What role for carbon capture?

How can we reconcile the potential for carbon capture identified by the Intergovernmental Panel on Climate Change and the opposition to the technology from environmental groups?

27th April 2020

An engineer inspects a biomass furnace at Drax Power Station in the UK. A project at Drax has been capturing CO2 at a rate of a tonne per day. The goal is to generate negative emissions within the decade. © Dan Lewis/VisMedia

What role for carbon capture?

How can we reconcile the potential for carbon capture identified by the Intergovernmental Panel on Climate Change and the opposition to the technology from environmental groups?

By Larry Baxter , Professor, Chemical Engineering, Brigham Young University, Provo, Utah and Cofounder/Technical Director, Sustainable Energy Solutions, Orem, UT

We know that carbon dioxide (CO2) from burning fossil fuels primarily drives climate change, posing real threats to our planet’s people, economies and ecosystems. We also know that ambient CO2 concentrations continue to rise, albeit with seasonal variation, despite major efforts to reduce emissions.

A candid view of recent and future energy projections indicates that the hope for a future energy infrastructure free of CO2 is naïve, especially in the short term. Instead, we can expect that much-needed continued economic development will drive substantial increases in energy demand, with developing economies dominating new sources of CO2. The climate issue is clearly too urgent to wait for a transition from fossil fuels. Therefore, the hope of mitigating climate change through decreasing global CO2 emissions depends critically on carbon-capture technologies. This is recognised by the IPCC, the International Energy Agency and others.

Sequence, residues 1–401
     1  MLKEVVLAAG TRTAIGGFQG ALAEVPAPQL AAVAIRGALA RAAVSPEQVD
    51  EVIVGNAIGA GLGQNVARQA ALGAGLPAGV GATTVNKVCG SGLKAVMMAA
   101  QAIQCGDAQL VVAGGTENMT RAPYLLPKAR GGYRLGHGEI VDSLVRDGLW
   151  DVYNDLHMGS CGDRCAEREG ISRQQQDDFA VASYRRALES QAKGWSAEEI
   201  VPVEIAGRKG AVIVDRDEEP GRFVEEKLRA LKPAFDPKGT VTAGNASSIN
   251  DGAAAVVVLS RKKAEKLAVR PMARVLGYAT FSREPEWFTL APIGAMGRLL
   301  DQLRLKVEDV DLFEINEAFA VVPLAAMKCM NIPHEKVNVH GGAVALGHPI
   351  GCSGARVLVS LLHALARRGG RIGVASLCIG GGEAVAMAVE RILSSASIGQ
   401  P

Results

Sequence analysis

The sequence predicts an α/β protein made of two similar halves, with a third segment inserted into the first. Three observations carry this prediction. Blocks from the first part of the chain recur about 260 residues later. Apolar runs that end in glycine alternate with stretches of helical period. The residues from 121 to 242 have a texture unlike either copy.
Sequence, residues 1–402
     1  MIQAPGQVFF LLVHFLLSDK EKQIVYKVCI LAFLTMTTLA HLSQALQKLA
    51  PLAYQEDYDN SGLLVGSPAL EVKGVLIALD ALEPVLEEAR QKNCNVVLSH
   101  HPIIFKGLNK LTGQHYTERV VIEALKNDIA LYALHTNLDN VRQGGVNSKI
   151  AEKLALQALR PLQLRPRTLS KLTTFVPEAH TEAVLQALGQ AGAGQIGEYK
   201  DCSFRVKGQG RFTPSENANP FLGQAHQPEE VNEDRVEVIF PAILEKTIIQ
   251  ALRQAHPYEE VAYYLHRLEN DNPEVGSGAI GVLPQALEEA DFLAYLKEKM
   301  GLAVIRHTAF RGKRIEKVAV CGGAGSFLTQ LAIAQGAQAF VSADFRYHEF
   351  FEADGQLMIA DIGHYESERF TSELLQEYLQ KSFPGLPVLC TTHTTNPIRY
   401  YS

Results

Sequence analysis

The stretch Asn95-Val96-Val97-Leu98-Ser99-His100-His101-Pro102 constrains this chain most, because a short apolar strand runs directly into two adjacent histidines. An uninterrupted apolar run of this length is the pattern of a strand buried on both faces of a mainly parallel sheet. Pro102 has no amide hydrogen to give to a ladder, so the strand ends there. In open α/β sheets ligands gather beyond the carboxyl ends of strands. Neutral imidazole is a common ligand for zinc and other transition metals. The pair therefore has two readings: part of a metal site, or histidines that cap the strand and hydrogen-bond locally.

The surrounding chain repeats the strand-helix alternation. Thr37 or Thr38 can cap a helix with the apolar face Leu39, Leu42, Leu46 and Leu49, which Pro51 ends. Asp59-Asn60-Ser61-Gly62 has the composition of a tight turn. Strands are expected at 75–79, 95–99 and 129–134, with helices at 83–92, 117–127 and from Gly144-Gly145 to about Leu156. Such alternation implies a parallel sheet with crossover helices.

Yet carbon capture often encounters rejection – or a begrudging or hostile reception – in climate change circles. Certainly, it is among the more controversial of climate change mitigations. Detractors argue that it extends the life of fossil fuels, which are the root cause of climate change. But they too simplistically and hastily conclude that a transition to renewables and carbon capture are mutually exclusive.

While the data undoubtedly support a need for immediate action, carbon capture offers a potentially market-driven complement to renewables – with much greater potential to mitigate climate change than any scenario that does not involve it.